The 2010 March Daring Baker’s challenge was hosted by Jennifer of Chocolate Shavings. She chose Orange Tian as the challenge for this month, a dessert based on a recipe from Alain Ducasse’s Cooking School in Paris.
There are only a few things for me to say about his dessert- I had hardly any time and it didn’t go very well.
I had to push off my dessert making to Wednesday, having been sick previously, and we were leaving town the next morning. On Tuesday night I was able to make a few ingredients, however. I’ll go through my tian thingy in sections:
Marmalade: I really had no idea how to make marmalade. Let’s just let that be clear right now. That being said, here’s what I did; I blanched my orange slices several times, but the bitterness was still apparent, so I just continued on to pulverise (not mince) them in the food processor, adding a gluggy splash of agave nectar and later some of the juice from segmenting my tangelos. I cooked off the water and called it done. Never try to make marmalade like this- it was really gross!
Whipped cream: A lesson was learned during this challenge- you can’t whip silken tofu. So on VEGirl went to the coconut whipped cream method. You just skim the solidified fat from the top of a chilled can of coconut milk and whip until fluffly, but I whipped so long it actually began to separate. Oops!
Caramel sauce: The plan to make this was lost along with the time!
Pate sablee: Abandoning all attempts at low-fat and origanality, I cut together some Bob’s Red Mill All Purpose Gluten-Free Flour and some Earth Balance non-dairy butter, and threw in baking powder, agave nectar, and flax eggs. Into molds and an oven the batter went (forget chilling the dough and cooke cuttering it, it’s midnight for heaven’s sake!). What emerged was not a flaky pastry dough, but a crumbly baked thing. It tasted okay, though, so into the tian it would go.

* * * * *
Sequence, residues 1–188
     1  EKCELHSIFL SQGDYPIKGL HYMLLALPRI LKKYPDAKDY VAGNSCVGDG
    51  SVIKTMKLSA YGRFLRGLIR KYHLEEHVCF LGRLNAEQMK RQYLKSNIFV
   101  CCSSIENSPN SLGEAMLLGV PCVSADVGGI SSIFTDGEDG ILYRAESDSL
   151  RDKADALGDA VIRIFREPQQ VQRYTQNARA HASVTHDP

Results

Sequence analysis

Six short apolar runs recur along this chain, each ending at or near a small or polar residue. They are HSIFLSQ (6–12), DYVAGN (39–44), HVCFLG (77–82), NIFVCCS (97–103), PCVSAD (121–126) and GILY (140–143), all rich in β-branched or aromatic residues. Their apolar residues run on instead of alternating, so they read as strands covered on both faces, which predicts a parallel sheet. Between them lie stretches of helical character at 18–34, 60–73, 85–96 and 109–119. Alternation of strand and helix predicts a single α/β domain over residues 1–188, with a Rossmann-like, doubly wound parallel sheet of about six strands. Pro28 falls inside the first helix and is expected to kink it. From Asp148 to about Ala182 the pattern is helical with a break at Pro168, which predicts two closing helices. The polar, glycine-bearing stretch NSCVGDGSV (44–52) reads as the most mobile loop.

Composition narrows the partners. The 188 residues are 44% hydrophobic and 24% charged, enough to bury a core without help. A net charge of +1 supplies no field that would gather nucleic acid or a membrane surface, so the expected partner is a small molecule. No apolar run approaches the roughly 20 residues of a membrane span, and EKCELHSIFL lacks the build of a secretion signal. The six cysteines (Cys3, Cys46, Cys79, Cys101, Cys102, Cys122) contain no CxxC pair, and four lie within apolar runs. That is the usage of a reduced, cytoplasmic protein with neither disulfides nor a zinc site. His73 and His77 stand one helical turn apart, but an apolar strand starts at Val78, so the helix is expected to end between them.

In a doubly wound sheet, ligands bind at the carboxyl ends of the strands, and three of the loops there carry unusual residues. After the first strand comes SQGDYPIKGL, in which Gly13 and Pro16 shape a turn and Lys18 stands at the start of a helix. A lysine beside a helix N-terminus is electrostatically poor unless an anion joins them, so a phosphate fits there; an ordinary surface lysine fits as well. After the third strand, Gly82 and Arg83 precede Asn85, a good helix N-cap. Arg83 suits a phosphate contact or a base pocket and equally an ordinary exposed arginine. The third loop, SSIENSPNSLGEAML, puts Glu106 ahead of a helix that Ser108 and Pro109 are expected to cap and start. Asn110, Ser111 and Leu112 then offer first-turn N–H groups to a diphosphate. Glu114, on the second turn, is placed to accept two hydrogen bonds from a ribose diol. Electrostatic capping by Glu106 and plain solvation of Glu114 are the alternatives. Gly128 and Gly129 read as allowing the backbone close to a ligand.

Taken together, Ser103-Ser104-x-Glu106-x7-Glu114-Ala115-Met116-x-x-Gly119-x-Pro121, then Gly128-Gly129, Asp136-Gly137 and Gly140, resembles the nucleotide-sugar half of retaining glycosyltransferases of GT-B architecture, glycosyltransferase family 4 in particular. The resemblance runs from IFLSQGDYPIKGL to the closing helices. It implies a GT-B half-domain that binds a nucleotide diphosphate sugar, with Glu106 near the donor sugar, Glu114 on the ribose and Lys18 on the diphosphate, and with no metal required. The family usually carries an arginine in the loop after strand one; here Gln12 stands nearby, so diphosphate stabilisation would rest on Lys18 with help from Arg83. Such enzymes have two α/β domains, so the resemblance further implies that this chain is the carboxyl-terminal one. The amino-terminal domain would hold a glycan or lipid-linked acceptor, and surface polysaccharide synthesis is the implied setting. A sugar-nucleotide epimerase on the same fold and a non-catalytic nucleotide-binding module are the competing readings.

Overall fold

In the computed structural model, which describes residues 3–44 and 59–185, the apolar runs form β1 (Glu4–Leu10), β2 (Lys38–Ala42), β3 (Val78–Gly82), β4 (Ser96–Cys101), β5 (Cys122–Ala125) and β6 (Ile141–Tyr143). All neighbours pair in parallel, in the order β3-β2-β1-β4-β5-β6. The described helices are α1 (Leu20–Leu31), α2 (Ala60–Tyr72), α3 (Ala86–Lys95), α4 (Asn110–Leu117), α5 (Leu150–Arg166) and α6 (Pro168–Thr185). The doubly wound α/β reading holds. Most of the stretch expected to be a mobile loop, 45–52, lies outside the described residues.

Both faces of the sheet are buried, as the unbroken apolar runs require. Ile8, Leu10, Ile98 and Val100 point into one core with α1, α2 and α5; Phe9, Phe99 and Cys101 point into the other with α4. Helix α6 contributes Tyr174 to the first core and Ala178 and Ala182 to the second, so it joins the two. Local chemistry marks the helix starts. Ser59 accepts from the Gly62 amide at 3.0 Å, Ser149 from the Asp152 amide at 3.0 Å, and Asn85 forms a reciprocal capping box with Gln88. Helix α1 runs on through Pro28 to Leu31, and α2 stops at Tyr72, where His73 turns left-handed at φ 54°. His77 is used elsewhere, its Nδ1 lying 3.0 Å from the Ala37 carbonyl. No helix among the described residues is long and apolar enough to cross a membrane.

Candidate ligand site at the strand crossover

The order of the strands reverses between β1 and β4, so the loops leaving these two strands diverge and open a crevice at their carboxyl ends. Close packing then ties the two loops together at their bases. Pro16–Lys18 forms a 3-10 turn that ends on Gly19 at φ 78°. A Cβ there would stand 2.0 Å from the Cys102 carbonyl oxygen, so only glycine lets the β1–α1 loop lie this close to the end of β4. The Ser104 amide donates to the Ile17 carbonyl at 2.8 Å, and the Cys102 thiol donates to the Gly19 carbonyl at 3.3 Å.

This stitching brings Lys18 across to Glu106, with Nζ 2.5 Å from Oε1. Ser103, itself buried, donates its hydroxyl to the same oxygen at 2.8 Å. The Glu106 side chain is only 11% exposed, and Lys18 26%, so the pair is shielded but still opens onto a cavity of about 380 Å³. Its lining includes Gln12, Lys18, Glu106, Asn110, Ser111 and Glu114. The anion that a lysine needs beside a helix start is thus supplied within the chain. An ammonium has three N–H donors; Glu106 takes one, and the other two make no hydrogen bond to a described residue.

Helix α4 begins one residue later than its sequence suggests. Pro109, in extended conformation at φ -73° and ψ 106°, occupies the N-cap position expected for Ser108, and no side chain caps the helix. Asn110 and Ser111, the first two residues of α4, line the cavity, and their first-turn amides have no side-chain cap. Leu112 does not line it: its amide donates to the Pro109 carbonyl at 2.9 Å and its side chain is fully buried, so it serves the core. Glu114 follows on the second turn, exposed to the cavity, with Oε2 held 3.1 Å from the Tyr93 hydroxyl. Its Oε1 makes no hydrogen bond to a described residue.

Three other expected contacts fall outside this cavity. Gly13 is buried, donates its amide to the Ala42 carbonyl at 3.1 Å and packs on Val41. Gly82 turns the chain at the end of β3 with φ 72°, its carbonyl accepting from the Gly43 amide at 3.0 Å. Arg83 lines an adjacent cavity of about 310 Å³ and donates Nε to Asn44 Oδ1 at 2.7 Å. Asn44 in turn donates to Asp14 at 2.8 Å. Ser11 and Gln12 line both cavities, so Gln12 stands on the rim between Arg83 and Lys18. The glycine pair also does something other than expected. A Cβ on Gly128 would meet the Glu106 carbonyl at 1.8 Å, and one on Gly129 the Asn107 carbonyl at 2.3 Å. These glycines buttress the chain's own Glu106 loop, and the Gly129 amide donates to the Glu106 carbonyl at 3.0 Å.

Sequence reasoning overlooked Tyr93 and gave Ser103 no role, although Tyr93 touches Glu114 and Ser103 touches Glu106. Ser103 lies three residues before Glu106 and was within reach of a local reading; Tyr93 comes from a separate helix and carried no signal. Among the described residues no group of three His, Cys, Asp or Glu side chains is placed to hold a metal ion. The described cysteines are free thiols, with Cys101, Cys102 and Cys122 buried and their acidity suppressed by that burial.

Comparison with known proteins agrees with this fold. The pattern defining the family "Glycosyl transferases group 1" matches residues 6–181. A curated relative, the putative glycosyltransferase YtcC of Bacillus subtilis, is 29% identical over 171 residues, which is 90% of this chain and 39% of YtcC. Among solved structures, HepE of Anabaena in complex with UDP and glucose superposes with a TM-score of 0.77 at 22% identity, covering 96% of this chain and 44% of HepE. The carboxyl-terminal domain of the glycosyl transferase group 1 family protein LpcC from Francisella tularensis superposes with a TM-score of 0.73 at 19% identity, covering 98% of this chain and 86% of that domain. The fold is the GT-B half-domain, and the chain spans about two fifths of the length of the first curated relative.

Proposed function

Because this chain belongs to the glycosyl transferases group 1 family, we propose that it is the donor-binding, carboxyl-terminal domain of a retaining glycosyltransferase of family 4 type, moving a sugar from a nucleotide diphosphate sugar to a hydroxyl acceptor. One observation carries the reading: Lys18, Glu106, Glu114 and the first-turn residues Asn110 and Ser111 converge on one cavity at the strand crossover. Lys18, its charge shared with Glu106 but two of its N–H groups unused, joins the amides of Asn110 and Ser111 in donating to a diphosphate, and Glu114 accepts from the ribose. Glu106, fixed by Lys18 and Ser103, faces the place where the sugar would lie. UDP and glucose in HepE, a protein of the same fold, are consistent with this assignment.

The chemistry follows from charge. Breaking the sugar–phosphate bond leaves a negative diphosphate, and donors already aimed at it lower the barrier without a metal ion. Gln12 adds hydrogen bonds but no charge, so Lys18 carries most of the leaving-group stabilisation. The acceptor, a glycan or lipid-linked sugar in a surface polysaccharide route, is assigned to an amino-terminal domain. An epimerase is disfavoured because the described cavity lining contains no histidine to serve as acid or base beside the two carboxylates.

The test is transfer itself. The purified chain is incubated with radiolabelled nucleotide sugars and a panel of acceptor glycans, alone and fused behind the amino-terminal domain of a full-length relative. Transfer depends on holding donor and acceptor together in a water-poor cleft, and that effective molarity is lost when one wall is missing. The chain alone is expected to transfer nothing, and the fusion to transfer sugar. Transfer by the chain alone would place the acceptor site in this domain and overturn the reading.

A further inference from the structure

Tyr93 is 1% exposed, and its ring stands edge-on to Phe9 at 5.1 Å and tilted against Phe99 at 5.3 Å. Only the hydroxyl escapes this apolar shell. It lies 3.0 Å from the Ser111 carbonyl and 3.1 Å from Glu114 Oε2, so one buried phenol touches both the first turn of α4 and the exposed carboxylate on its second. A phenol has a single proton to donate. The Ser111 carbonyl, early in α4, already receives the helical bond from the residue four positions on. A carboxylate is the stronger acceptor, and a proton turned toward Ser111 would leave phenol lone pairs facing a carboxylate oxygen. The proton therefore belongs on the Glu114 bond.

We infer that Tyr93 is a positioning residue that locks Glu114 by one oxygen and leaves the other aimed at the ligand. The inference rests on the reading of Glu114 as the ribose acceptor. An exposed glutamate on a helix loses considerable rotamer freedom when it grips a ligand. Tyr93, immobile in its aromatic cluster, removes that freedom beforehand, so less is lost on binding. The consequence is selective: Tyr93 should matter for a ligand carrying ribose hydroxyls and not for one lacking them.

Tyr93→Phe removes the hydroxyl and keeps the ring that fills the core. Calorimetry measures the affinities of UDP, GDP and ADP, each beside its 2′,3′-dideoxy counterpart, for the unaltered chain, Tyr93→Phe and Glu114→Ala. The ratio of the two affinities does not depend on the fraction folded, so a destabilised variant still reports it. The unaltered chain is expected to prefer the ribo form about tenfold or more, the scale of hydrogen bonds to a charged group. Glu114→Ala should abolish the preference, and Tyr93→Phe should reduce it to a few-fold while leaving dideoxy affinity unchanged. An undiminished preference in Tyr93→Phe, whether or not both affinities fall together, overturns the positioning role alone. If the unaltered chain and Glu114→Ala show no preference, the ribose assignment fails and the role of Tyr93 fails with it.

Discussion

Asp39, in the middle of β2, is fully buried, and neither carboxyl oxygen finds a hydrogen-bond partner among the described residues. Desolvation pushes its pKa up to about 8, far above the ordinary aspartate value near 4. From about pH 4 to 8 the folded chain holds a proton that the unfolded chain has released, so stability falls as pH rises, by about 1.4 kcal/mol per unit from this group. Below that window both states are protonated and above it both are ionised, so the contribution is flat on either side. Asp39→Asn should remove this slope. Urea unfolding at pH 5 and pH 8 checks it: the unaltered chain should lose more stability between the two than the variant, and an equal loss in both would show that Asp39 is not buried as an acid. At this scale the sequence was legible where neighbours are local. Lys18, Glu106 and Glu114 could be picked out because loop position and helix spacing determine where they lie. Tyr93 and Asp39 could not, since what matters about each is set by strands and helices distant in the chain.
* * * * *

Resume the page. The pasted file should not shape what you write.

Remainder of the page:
Orange segements: Very fun, as a matter of fact! I enjoyed learning how to segment an orange, but I actually used tagelos for my dessert. Unfortunatly, I only had eough segments for a few slices for each tian.
So how did the finished dessert taste? I couln’t finish mine- the marmalade really ruined it. I have no picture becuase I couln’t turn the dessert out of the little mold I provided for it, even though I chilled it in the hotel freezer. I don’t think you want to look at a mold.
I hope that other peoples’ tians went well, and I hope I can give this another try some time.